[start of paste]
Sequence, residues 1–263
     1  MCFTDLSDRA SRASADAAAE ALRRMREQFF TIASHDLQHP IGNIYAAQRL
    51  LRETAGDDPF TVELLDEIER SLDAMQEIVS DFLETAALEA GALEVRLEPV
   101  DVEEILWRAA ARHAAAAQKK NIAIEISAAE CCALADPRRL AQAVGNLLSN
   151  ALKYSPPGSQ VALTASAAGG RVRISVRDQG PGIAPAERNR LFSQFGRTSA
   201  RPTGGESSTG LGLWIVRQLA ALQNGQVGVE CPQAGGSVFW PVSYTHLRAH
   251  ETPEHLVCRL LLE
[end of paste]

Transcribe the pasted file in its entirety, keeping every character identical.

Sequence, residues 1–263
     1  MCFTDLSDRA SRASADAAAE ALRRMREQFF TIASHDLQHP IGNIYAAQRL
    51  LRETAGDDPF TVELLDEIER SLDAMQEIVS DFLETAALEA GALEVRLEPV
   101  DVEEILWRAA ARHAAAAQKK NIAIEISAAE CCALADPRRL AQAVGNLLSN
   151  ALKYSPPGSQ VALTASAAGG RVRISVRDQG PGIAPAERNR LFSQFGRTSA
   201  RPTGGESSTG LGLWIVRQLA ALQNGQVGVE CPQAGGSVFW PVSYTHLRAH
   251  ETPEHLVCRL LLE